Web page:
Adventures in Baking Land – Quick Breads

What is a quick bread? In this class we learned about leavening. Chemical leavening is a product that helps breads to rise by releasing gases. Today we used baking powder and baking soda to do just that. The recipes were for tea biscuits and bran muffins. A very bold undertaking for the neophyte baker.

In the case of quick breads the process, in addtion to the baking powder and soda, uses steam instead of yeast to assist the rising

I could not find bran, whole milk powder or currents at the supermarket, so I ordered them from Amazon. They were delivered the next day. Instead of currents for the tea biscuits I used dried cranberries which I had in the pantry.

I figured these recipes should be easy. The way the course is structured is, each week, we work toward more complex baking. I decided to do the tea biscuits first. Tea biscuits are small, round, and lightly browned. You should be able to see the flaky layers. They can be served with butter and jam or have gravy poured over them

I followed the directions in the video and the additional information from Chef Mia. My dough did not look or behave the way it was in the video. I made doubly sure that the butter was pea size. I reduced the recipe to ¼ because I didn’t know if I would like them. Maybe the reduction caused the difference.

This is also where I truly came to experience the wonderous sensation of dough stuck on my fingers. I could not get it off, scraping away as I did.

I soaked the cranberries in hot water to swell them in preparation for the mixture. Maybe the extra liquid in the cranberries ruined the dough. When I poured the dough from the bowl to the counter, my fingers were covered in sticky dough. It stuck to the counter and could not press it out as more dough got on my fingers. I started putting more and more dusting flour on it even though it said in the video not to use too much flour. Chef Mia felt my dough was rolled too thin.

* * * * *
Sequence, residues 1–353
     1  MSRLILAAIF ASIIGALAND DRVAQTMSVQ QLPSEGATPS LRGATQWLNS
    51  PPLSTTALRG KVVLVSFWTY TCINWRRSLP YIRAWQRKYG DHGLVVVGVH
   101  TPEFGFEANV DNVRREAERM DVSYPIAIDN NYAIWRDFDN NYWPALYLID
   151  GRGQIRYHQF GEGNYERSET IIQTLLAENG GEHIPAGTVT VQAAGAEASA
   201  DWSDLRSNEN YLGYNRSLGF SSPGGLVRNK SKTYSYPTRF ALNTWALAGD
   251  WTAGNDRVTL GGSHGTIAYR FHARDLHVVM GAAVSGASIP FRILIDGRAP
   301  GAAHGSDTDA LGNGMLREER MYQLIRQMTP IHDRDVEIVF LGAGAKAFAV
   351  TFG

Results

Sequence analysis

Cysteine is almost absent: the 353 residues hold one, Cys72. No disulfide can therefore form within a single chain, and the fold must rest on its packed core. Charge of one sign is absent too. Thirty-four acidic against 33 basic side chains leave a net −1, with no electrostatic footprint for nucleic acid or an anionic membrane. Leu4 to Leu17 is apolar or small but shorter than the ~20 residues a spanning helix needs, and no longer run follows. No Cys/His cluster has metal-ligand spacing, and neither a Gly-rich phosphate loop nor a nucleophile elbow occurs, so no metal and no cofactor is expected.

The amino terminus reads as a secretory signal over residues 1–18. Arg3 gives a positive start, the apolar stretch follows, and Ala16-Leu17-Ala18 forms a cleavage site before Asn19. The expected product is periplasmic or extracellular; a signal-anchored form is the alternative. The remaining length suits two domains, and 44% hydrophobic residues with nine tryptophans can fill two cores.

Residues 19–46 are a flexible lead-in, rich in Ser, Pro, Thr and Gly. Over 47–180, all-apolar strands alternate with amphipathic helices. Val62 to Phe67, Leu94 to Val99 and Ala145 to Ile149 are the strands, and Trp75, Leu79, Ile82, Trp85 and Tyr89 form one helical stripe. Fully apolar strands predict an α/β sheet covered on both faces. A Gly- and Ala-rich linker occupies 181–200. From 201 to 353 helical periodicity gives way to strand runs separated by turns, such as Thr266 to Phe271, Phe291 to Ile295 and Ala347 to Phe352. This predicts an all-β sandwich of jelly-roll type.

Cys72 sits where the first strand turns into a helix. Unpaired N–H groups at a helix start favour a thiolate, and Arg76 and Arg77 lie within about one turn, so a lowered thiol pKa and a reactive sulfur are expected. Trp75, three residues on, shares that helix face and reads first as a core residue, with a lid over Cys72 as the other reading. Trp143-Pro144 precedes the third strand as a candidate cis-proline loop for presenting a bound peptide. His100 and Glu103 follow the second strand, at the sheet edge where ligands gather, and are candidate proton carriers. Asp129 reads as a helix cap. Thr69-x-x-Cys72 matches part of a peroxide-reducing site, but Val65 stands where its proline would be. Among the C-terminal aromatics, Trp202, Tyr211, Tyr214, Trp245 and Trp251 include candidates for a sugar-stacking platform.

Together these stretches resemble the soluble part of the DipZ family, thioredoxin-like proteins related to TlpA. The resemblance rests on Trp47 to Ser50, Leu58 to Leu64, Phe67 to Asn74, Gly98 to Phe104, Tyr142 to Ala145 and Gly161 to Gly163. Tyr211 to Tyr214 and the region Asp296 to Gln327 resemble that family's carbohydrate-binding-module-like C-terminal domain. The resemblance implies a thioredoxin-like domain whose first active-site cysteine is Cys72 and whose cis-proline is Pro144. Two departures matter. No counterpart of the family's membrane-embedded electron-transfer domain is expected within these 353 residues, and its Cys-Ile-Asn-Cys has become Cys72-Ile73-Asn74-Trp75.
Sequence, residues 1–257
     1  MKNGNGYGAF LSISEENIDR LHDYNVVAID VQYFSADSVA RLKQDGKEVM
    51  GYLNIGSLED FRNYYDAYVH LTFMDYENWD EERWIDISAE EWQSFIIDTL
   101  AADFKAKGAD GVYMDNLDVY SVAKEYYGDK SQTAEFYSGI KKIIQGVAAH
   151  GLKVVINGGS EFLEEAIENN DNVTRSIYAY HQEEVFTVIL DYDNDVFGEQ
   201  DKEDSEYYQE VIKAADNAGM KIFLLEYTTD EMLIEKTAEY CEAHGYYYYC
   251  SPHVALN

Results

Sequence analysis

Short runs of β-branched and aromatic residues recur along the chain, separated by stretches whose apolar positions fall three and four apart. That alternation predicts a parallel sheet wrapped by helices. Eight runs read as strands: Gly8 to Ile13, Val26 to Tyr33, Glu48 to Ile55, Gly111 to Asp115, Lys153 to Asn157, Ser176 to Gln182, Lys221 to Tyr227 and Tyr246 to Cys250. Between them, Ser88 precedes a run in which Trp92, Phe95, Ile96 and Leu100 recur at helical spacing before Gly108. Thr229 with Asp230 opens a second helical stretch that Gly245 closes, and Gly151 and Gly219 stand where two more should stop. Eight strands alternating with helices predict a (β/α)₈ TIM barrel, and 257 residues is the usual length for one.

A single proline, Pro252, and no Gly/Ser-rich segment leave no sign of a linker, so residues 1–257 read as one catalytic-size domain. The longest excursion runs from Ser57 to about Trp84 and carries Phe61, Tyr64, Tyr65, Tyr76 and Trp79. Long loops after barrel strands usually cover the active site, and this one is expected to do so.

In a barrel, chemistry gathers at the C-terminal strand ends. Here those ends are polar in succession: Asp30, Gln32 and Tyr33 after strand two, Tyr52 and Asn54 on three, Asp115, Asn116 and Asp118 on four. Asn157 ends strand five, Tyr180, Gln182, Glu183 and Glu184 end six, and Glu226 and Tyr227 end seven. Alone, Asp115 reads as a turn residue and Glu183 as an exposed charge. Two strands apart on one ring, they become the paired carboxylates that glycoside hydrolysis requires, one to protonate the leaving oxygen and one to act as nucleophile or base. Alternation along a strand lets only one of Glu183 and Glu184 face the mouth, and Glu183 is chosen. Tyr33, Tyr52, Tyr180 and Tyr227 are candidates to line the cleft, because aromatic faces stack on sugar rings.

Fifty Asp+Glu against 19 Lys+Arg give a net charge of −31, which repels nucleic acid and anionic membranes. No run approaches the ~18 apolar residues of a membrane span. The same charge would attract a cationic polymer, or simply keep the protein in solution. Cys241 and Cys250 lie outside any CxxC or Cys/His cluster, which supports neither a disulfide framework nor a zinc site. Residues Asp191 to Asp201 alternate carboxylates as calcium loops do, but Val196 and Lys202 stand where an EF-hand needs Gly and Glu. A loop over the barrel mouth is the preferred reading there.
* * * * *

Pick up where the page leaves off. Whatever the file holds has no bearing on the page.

I finally got it to the point where I could begin to move it without it getting on my fingers. I started to roll it out. When I folded it there was a sticky surface so more flour. Each time I folded I had to deal with a sticky surface. The folding is crucial because that is what creates the flaky layers – and the height.

Finally got it to the point where I could roll it out to begin cutting the circles. Had difficulty peeling away the circle dough because it was stuck to the counter.

The finished biscuit looked nothing like the one in the video. Taste was okay, not dry. The bottoms were slightly burnt. I had it in the oven for 15 minutes but was checking the top browning for doneness

Glad I only did a 1/4 batch.

The muffins were a different story. Finally, mine looked like the ones in the video. There is hope for me yet. I didn’t mix it much and the batter looked the same.

It poured into the cups just like the video. I had bought an ice cream scoop specifically to do this. After baking I had the rounded tops. And the centre was the same as she showed. I halved the recipe as I didn’t need all those muffins. Good fibre source but there is only so much daily fibre on needs.

They were good. I used raisin and pecans. Had them for breakfast, spread with Nutella. The additions were evenly spaced and there was no tunneling in the muffin.

The success of the muffins gave me a boost in confidence. I know for most bakers this would be a no brainer but for me, it was preparation for the next adventure – custards.

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